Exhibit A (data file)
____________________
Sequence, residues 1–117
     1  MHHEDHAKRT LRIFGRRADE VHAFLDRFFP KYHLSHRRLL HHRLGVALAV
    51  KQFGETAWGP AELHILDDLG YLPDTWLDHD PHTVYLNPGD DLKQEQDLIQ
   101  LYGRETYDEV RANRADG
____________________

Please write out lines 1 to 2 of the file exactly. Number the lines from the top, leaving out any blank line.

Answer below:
Sequence, residues 1–117
     1  MHHEDHAKRT LRIFGRRADE VHAFLDRFFP KYHLSHRRLL HHRLGVALAV